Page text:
The anonymous tip in this case, like the one in J.L., lacks sufficient indicia of reliability. In fact, the tip here was so barren of detail about the alleged culprits' physical descriptions that it was even less reliable than the deficient tip in J.L. The 911 caller told the Union police dispatcher that several black males were drinking and causing a disturbance at a certain intersection. The caller said nothing else. Specifically, he did not identify himself, did not give his location or vantage point, and did not explain how he knew about the disturbance. The tipster did not say exactly how many men were present, and apart from mentioning their race, gave no information about their appearance. The caller did not mention whether the men were residents of the neighborhood or outsiders. Finally, he did not say whether the men were in an automobile or whether they had access to one. Union police went to the intersection and saw no one. They undertook an inspection of the immediate area and still found no one and saw no signs that there had been a disturbance. At that point, the anonymous tip was totally uncorroborated. Cf. United States v. Thompson, 234 F.3d 725, 729-30 (D.C. Cir. 2000) (holding that stop and frisk was supported by reasonable suspicion because anonymous tip was corroborated when "the police themselves observed [the defendant] engaging in suspicious conduct"); United States v. Perrin, 45 F.3d 869, 872 (4th Cir. 1995) (recognizing that an informant's tip can provide the justification for an investigative stop if the information in the tip is sufficiently corroborated).

In this case, the anonymous tip became essentially useless once the police found no one and no illegal activity at the intersection. If the police wished to investigate any further, they were relegated to looking for several African American men, who had not been described or otherwise identified. Indeed, as Officer Hart admitted, when he met the white Chevrolet two-tenths of a mile from the empty intersection, he "saw four black guys . . . and stopped them for that." Officer Hart saw no traffic or equipment violations or any suspicious activity. He stopped the car simply because the earlier, uncorroborated tip mentioned several black men. Because Officer Hart had not been able to confirm the 911 "informant's knowledge or credibility," J.L., 529 U.S. at 271, the tip was not a reliable accusation against the men in the white Chevrolet. In short, the uncorroborated tip and Officer Hart's sighting of four African American men in a car were insufficient to establish reasonable suspicion for a stop. The stop was therefore illegal, and the crack cocaine that Officer Mallet discovered during his search of Jones should have been excluded at trial. Jones's judgment of conviction is therefore vacated, and the case is remanded for any further proceedings that would be consistent with this opinion.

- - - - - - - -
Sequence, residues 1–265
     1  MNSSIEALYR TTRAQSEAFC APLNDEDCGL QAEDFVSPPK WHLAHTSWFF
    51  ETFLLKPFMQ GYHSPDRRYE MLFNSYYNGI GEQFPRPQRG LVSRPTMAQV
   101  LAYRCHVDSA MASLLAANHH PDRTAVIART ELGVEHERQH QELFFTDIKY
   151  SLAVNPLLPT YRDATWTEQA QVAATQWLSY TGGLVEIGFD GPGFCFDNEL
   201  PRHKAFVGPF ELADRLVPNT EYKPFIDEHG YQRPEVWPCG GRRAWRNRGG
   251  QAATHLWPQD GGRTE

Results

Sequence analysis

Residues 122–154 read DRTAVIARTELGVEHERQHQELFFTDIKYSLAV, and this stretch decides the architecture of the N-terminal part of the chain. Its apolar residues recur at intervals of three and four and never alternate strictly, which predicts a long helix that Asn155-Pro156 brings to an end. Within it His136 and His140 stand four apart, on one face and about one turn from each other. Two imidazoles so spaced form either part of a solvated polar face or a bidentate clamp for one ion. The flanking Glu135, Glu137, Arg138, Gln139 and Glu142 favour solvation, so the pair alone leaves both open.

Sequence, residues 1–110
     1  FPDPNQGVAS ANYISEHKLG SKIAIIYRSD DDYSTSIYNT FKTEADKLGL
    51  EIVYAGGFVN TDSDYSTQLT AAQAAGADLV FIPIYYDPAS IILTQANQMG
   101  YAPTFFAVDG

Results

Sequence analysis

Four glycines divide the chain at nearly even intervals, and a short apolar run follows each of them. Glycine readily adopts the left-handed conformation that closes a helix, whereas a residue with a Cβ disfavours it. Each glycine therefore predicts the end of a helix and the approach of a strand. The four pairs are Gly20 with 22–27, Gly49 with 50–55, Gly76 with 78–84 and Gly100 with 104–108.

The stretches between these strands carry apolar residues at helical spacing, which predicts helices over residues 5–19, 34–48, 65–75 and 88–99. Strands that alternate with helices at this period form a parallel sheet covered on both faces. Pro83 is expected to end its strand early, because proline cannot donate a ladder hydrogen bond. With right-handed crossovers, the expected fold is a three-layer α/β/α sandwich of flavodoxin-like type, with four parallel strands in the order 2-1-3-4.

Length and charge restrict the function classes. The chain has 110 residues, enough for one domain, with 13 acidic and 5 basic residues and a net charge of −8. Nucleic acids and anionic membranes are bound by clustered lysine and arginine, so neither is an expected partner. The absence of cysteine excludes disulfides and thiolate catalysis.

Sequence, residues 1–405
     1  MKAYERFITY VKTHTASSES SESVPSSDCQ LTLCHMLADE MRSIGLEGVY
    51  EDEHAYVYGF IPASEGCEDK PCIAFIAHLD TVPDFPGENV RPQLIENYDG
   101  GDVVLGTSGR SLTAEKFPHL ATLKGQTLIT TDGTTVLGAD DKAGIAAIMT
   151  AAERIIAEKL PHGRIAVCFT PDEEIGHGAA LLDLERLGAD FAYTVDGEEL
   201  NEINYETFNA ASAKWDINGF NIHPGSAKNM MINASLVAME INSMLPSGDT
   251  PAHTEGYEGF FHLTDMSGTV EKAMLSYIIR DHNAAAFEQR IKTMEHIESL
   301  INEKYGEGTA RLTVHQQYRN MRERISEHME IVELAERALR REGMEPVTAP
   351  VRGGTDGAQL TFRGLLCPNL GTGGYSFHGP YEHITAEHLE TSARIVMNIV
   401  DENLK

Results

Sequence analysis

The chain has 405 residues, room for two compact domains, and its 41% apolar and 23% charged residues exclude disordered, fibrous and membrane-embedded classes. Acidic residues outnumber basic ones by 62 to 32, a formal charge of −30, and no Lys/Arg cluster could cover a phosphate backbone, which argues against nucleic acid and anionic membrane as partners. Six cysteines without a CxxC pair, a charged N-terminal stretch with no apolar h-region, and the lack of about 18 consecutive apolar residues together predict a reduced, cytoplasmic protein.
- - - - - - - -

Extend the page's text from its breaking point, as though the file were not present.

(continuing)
The district court in this case did not have the benefit of J.L. when it denied Jones's motion to suppress.


The Court in J.L. was careful to note that the facts of the case did "not require [it] to speculate about the circumstances under which the danger alleged in an anonymous tip might be so great as to justify a search even without a showing of reliability." J.L., 529 U.S. at 274.